In the illustrated solution, a log flow is adapted to be supplied into the apparatus itself in a direction substantially perpendicular to the disc shafts 1, 2. Thus, the log flow travels in a trough provided wqith fixed side walls 7, the floor of said trough being constituted by an apparatus of the invention (FIG. 4).

It should be appreciated, however, that the apparatus of the invention can also be applied in such a solution, wherein a log flow is adapted to be fed into the apparatus itself in a direction substantially parallel to the disc shafts 1, 2 or even at an oblique angle relative to the disc shafts 1, 2. In this case, the disc shafts 1, 2 are positioned relative to each other so as to constitute a trough having e.g. a U-shaped cross-section (FIG. 5), said trough being set in an inclined position to afford the log flow also with a motion in the direction of the longitudinal axis of the trough and, thus, also in the direction of the disc shafts 1, 2.

In this solution, the covering surface 6 grazing the smooth-surface discs 4 from the inside is trough-shaped instead of being a flat surface, as in the solution of FIG. 2. The log flow is provided with a momentum parallel to the arrow A, i.e. transverse to the disc shafts 1, 2, by means of the teeth 5 of toothed discs 3 as a result of a rotating motion B of the discs 3. Thus, the teeth 5 of toothed discs 3 need not, and preferably should not extend inside the trough-shaped covering surface 6 grazing the smooth-surface discs 4 from the inside.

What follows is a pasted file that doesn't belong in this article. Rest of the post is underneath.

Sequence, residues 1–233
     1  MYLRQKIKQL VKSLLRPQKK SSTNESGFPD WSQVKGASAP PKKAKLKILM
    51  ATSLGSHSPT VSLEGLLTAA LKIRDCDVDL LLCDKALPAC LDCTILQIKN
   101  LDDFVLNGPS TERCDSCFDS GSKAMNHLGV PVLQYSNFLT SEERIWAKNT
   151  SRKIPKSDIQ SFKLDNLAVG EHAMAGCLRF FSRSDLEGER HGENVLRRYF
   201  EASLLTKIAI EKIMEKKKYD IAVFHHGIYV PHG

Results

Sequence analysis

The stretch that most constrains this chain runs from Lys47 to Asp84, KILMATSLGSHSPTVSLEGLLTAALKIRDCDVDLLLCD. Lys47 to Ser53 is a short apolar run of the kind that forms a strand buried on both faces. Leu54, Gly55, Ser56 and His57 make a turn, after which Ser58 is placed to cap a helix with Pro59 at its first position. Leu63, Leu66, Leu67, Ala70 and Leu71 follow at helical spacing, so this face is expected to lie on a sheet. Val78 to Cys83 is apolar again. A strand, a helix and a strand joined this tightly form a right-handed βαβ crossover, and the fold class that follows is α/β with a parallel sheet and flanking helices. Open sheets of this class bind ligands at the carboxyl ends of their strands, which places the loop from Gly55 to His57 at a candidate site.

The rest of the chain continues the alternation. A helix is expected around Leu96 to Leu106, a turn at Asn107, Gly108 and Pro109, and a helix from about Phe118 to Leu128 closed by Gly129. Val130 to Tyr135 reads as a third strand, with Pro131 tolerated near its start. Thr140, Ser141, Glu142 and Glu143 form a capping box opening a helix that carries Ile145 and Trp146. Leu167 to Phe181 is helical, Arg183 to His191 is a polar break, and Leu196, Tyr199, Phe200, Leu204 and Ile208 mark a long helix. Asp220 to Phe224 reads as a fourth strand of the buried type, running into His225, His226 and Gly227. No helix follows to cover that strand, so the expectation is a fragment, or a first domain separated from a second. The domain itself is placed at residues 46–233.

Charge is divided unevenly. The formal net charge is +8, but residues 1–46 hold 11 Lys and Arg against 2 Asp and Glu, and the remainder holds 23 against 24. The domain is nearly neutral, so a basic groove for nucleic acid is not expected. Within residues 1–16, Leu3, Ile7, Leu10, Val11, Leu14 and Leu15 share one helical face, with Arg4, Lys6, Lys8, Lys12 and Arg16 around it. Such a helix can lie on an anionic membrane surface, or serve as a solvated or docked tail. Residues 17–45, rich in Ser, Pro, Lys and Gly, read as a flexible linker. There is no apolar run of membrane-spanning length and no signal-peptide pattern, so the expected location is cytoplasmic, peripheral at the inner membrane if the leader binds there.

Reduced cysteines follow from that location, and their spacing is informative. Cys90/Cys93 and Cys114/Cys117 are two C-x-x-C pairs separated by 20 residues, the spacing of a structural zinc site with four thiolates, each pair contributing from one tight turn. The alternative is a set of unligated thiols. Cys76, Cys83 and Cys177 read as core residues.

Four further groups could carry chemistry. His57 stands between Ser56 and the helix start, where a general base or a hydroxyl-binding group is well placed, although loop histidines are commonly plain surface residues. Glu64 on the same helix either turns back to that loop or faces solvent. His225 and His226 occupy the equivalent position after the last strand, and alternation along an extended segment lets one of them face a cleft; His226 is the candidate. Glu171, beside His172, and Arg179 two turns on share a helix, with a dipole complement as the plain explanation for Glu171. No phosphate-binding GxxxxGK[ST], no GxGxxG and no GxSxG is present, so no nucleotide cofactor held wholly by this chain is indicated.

As a result of the rotating motion B of the discs 3, the log flow urges in the solution of FIG. 5 towards the left-hand trough section and simultaneously, as a result of the inclination of the lengthwise axis of the trough, the log flow is subjected to a motion parallel to the disc shafts 1, 2.

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Referenced by
Citing PatentFiling datePublication dateApplicantTitle
US6360796 *Mar 17, 1999Mar 26, 2002Hfd Half Pipe Debarker AbWood working machine
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US6619345 *Apr 11, 2002Sep 16, 2003Andritz OyArrangement for a debarking shaft
Classifications
U.S. Classification144/208.4, 144/208.1, 144/341
International ClassificationB27B25/02, B27L1/10, B27L1/04
Cooperative ClassificationB27L1/10, B27L1/045, B27B25/02
European ClassificationB27L1/04D, B27B25/02, B27L1/10
Legal Events
DateCodeEventDescription
Aug 16, 2012FPAYFee payment
Year of fee payment: 12
Jul 17, 2008FPAYFee payment
Year of fee payment: 8
Jul 14, 2004FPAYFee payment
Year of fee payment: 4
Sep 13, 1999ASAssignment
Owner name: ANDRITZ-PATENTVERWALTUNGS-GMBH, AUSTRIA
Free format text: ASSIGNMENT OF ASSIGNORS INTEREST;ASSIGNORS:KOKKO, PEKKA;HANNIMAKI, ARI;PITKAKANGAS, JAAKKO;REEL/FRAME:010225/0401;SIGNING DATES FROM 19990817 TO 19990819